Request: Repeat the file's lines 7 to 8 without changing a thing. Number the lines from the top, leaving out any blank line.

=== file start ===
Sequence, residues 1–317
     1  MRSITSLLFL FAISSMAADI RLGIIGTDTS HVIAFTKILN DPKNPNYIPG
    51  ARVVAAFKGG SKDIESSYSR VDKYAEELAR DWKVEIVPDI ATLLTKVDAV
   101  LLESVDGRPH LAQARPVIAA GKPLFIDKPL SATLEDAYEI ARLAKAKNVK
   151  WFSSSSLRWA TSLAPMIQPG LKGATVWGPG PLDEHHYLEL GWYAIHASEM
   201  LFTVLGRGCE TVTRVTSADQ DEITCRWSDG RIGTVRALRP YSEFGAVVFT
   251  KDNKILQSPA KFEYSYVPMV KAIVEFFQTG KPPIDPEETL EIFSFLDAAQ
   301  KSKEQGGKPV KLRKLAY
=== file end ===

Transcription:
   251  KDNKILQSPA KFEYSYVPMV KAIVEFFQTG KPPIDPEETL EIFSFLDAAQ
   301  KSKEQGGKPV KLRKLAY